Hundreds of people sneaked into Machakos County at Kamulu-Joska border point by bypassing the Athi Bridge and walking on foot to cross River Athi.

Dozens of travellers managed to enter Nairobi area through the same route as police manning the main roadblock only concentrated on vehicles using the conventional route.

Mololine Limited said more than half of its fleet were stuck in Nairobi where it has no registered routes.

“We have over 300 matatus. At least 200 vehicles were caught up in the travel ban in Nairobi and some are at an underground parking at Mololine House,” said the company’s chairman Njoroge Bumasu.

The company has cancelled all its trips on the Nakuru-Nairobi highway.

Central Rift Matatu Owners Association Chairperson Steve Muli explained that the sector will be badly affected.

Mr Muli, director of Prestige Shuttles, said over 60 matatus from the sacco had been grounded as they also lacked permits to operate within the city.

Some of the managers explained that hundreds of their drivers, who had travelled to Nairobi, were left stranded within the city, with some forced to sleep in vehicles.
Long distances

“Some drivers are paid based on the number of trips they make. They can’t afford to stay there for three weeks. This morning some of them had to walk for long distances to the porous border points and managed to sneak back to Nakuru, leaving behind the vehicles,” one of the managers said.

Mr Evans Otwoma, who works at a five-star hotel in Nairobi, was supposed to report back to work today.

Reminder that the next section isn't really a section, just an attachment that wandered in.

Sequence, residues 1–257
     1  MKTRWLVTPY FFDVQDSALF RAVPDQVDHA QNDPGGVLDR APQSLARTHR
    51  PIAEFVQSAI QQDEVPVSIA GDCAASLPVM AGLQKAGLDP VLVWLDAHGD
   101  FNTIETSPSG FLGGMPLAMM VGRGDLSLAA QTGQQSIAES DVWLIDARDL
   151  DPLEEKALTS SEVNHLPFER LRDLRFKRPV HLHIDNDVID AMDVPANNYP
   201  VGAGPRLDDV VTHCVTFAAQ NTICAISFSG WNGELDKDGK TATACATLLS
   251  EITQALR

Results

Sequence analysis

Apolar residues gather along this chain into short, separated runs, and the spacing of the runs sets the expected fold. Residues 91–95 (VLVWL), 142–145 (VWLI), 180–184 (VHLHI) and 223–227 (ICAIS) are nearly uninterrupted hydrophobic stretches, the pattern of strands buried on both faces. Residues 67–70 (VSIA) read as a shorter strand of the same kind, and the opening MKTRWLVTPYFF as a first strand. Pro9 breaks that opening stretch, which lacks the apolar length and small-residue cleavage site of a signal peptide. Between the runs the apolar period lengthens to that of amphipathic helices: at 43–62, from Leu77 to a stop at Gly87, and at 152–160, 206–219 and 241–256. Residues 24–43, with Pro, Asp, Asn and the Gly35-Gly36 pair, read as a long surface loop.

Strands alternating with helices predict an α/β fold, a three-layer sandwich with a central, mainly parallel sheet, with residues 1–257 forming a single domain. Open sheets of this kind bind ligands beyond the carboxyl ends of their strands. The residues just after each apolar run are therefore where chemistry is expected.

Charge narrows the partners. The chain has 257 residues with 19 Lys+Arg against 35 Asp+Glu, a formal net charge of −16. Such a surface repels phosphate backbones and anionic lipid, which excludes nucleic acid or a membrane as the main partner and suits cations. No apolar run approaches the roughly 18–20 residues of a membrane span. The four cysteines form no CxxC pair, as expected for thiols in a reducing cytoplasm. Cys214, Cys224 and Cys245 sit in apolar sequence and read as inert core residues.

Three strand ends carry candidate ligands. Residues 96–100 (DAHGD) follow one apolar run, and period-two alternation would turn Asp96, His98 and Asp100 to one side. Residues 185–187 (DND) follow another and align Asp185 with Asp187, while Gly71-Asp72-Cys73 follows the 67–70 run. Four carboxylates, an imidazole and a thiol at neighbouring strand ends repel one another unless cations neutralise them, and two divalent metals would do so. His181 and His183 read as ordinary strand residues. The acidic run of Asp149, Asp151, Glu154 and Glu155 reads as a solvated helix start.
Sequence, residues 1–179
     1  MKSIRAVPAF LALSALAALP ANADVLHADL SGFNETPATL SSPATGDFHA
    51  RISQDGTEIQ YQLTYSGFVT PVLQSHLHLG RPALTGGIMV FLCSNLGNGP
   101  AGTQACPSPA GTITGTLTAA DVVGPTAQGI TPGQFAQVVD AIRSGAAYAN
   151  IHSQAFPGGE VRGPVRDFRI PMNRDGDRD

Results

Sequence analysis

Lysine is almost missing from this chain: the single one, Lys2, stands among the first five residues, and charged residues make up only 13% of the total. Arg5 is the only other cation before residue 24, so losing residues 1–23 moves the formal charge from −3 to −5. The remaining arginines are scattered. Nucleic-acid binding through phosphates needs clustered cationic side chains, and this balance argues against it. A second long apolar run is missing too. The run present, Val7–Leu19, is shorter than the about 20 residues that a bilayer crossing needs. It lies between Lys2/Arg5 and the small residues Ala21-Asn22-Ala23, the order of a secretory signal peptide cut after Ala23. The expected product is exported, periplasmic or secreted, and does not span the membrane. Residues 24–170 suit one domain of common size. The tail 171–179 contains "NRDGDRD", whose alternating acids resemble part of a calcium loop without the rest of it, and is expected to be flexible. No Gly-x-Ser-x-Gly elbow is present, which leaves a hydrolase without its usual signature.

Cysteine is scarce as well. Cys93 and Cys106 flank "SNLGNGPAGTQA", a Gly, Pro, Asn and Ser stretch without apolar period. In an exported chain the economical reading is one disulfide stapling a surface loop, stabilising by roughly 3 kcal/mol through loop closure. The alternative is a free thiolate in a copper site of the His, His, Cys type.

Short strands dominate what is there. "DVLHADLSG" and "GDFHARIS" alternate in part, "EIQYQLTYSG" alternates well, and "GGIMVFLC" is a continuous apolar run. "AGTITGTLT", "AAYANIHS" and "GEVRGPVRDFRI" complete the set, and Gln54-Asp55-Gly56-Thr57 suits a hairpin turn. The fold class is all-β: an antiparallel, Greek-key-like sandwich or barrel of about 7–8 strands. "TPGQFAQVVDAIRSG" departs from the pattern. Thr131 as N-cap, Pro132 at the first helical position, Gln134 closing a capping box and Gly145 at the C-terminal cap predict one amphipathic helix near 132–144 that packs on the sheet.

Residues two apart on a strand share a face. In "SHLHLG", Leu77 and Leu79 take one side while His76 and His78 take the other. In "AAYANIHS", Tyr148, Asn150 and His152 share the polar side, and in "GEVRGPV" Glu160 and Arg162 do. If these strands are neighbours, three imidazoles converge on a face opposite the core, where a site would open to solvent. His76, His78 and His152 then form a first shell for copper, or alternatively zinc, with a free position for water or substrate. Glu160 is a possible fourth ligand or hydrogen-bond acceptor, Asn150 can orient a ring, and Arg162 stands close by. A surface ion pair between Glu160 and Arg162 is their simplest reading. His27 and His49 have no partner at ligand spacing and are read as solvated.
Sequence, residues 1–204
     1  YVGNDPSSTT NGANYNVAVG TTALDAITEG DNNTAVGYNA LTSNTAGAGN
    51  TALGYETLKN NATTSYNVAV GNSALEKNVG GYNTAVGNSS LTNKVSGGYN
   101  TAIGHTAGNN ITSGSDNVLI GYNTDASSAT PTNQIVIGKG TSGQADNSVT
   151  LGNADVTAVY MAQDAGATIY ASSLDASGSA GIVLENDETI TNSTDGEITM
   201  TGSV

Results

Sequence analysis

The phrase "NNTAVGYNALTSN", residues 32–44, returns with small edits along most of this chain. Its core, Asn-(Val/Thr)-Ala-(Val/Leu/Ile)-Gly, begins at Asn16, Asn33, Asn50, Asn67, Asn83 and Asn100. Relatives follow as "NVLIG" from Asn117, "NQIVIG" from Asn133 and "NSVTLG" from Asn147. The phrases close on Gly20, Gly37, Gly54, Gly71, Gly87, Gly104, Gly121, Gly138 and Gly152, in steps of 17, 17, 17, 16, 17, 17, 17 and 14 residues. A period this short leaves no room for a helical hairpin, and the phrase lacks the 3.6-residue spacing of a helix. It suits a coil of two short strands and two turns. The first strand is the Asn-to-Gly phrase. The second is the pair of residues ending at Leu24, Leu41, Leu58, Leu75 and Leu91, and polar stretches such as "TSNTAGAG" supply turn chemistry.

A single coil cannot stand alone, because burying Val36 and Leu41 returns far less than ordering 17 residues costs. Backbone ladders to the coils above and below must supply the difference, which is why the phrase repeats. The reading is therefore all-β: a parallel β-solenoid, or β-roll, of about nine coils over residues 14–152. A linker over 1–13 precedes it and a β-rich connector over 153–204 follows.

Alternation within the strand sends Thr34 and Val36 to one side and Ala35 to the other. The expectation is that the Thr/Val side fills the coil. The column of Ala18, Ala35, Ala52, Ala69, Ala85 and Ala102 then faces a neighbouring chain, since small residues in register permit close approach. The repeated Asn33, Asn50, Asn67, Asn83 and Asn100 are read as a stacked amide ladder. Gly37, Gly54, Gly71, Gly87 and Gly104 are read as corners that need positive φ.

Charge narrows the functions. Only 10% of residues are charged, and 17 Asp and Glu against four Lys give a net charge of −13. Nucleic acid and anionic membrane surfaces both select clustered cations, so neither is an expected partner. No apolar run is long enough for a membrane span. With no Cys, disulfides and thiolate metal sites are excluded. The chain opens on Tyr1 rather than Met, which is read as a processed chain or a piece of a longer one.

A few days ago, he and other colleagues were given a break from work as a temporary measure towards adherence to social distancing at the work place. He is now stuck in his Rigoma home in Nyamira County.

Anyiko Kibira, 28, a resident of Kisumu, is one of those affected. She travelled to Nairobi two days ago to buy materials to make face masks for donations.

“Last week, I ran out of stock and decided to rush to Nairobi to get cloth materials which I would use to make more face masks for a fresh distribution next week,” Ms Kibira said.

At Lari, a multi-agency team comprising the GSU, traffic police, DCI, regular police and Administration Police manned a roadblock at Nyambari in Lari to cut off vehicles movement to Nairobi.

The team was led by Lari Deputy County Commissioner Aaron Koros.

The team allowed trucks carrying foodstuff and small cars laden with vegetables as the area is known to produce kales, cabbages and carrots. The officers also allowed PSVs from Lari to Limuru only.

In Nairobi, upcountry-bound public commuter service vehicles have stopped operating.

Travellers from Busia, Kakamega, Vihiga and Bungoma counties to Nairobi were also forced to return home following the ban.

[Reports by Boniface Gikandi, Fidelis Kabunyi, Erastus Mulwa, Kevine Omollo, Stanley Ongwae, Anne Atieno, George Njunge, Awal Mohammed, Brian George, Ignatius Odanga, John Shilitsa, Sali Micah and Kennedy Gachuhi]